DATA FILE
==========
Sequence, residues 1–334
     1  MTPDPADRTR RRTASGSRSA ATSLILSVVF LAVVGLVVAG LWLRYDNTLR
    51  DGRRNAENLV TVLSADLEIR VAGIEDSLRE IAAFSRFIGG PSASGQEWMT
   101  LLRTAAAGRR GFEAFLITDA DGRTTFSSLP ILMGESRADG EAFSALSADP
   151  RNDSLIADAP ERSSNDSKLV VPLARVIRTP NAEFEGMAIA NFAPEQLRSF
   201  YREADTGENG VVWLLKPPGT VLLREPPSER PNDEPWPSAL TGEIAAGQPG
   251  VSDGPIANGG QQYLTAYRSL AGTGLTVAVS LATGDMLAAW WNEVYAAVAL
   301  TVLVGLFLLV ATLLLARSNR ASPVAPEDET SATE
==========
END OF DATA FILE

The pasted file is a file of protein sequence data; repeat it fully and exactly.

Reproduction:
Sequence, residues 1–334
     1  MTPDPADRTR RRTASGSRSA ATSLILSVVF LAVVGLVVAG LWLRYDNTLR
    51  DGRRNAENLV TVLSADLEIR VAGIEDSLRE IAAFSRFIGG PSASGQEWMT
   101  LLRTAAAGRR GFEAFLITDA DGRTTFSSLP ILMGESRADG EAFSALSADP
   151  RNDSLIADAP ERSSNDSKLV VPLARVIRTP NAEFEGMAIA NFAPEQLRSF
   201  YREADTGENG VVWLLKPPGT VLLREPPSER PNDEPWPSAL TGEIAAGQPG
   251  VSDGPIANGG QQYLTAYRSL AGTGLTVAVS LATGDMLAAW WNEVYAAVAL
   301  TVLVGLFLLV ATLLLARSNR ASPVAPEDET SATE